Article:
Well-intentioned petition may drive away competition and maybe even United itself

By Mabel Doge Luhan

Have you ever contemplated the vastness of the universe? Why, these are distances that even MVA couldn’t travel!

We sometimes forget that here in Saipan we’re just a tiny speck in the ocean in a vast world and a vast universe! Isn’t that so interesting?

But when we forget that, and start thinking we’re the only game in town, we start having thoughts like those in the recent petition demanding for United to reduce its Guam-Saipan airfares. 

That petition sounds good enough. We all want lower airfares to Guam. And we want to get them. And if the government works for us, it should go get those lower airfares for us.

It’s always good to get your facts straight (unless you’re the Marianas Variety), and this petition falls short. The lowest available fare is not, as the petition claims, “$580 for a 25-minute flight.” Sure, you can find that fare, but that doesn’t mean it’s the lowest available fare. In fact, I just pulled up Compuserve to check the airfares, and United is selling a $299 roundtrip between Saipan and Guam. Maybe that’s expensive, but it’s not $580 for a one-way flight. And facts are important. (If you have trouble accessing this fare, please see Kandit’s tutorial here: https://kanditnews.com/the-secret-to-reducing-your-round-trip-ticket-cost-on-united-for-guam-and-saipan-travel/)

And then there’s the expectation that the airfare should be for “the actual distance traveled.” Except a 737 isn’t a taxi. At no time or place in the world have airfares ever correlated with distance traveled. It’s not a taxi. You can certainly demand that kind of pricing, but the airlines would never go along with it, and it makes absolutely no sense. It’s like asking that restaurants set prices based on the weight of their food.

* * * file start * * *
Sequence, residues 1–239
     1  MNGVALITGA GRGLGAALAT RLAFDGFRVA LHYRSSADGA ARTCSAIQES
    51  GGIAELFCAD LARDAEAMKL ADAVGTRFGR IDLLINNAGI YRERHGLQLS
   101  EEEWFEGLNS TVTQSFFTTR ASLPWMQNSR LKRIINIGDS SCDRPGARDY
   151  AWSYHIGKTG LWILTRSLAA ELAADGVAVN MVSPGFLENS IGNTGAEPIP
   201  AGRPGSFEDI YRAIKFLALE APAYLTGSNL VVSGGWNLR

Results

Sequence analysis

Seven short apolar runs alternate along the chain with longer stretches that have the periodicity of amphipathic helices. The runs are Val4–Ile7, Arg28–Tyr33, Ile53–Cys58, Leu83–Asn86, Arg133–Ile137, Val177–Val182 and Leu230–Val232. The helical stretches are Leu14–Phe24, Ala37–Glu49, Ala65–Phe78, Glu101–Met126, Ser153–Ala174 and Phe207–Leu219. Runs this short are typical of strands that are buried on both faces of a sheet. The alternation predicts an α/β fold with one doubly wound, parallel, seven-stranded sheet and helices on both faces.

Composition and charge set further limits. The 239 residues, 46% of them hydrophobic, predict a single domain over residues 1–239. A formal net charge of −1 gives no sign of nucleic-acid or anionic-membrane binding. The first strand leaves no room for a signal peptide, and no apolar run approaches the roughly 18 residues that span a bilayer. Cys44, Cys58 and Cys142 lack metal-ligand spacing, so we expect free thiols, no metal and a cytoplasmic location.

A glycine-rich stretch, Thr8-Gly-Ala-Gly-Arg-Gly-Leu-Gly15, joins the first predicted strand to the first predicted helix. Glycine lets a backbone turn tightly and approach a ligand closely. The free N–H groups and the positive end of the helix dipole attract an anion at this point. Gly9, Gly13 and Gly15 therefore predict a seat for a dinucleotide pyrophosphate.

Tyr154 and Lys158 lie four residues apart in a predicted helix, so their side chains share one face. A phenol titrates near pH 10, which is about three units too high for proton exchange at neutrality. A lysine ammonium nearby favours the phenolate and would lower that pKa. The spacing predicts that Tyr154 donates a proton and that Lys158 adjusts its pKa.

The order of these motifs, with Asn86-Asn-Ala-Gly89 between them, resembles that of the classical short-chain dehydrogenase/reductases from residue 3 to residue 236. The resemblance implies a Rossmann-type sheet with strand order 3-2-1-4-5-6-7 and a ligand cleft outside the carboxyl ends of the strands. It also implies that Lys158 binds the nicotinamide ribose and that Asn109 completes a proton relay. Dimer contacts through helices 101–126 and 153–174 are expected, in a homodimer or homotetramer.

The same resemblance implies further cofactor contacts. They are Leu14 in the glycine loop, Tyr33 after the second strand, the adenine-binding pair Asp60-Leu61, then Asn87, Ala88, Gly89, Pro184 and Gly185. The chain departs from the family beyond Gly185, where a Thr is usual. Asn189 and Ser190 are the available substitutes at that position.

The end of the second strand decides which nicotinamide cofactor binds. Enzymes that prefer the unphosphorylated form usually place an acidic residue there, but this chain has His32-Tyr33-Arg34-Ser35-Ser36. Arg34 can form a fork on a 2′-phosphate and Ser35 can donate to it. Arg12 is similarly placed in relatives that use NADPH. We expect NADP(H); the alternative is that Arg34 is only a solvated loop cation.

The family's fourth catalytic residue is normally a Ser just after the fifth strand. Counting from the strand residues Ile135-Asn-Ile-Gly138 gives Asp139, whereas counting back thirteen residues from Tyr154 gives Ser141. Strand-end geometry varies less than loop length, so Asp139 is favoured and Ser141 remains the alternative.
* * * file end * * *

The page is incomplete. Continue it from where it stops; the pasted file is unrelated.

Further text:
The fundamental fact the petition seems to forget is United is not required to fly this route. We’re just a tiny route on a tiny island, and if we hassle them too much, they won’t give us free travel and a pony (we’re not MVA, after all) — they’ll just leave the market. And leave us with no air service at all. They can do that, you know. 

People who have spent all their lives in the CNMI tend to think that companies like United have to play by our rules. But they don’t. They can just leave.

Didn’t we see that with JAL? While the motivations may have been the opposite — JAL was chased out by rent-seeking gangsters in tropical prints, while the current petition comes from someone with a long history of impeccable ethics and only the best intentions — the result will be the same. There will be a nondescript press release one day saying that the airline is discontinuing the route. And that’s it. 

The problem with the petition’s demands for government interference is not only that such interference might chase out United. The bigger problem is that it might chase away any competition.

A high price being charged for something is a broadcast signal heard all over the world: “there’s money to be made here.” Again, if our worldview consists of only the CNMI, we don’t realize that. But those “exorbitant” airfares are watched closely by every airline in the world — and somehow, no US airline has decided that it could profitably provide the same service cheaper. Because if it could, it would. 

But forcibly lowering the airfare, or otherwise interfering with United’s business, will announce to the world what the CNMI has always been announcing to the world: “If you come to do business here, we will harass you and shake you down as much as we can. Our population doesn’t have much spending money, but we sure do have a lot of demands, and a government eager to please voters at any economic cost.”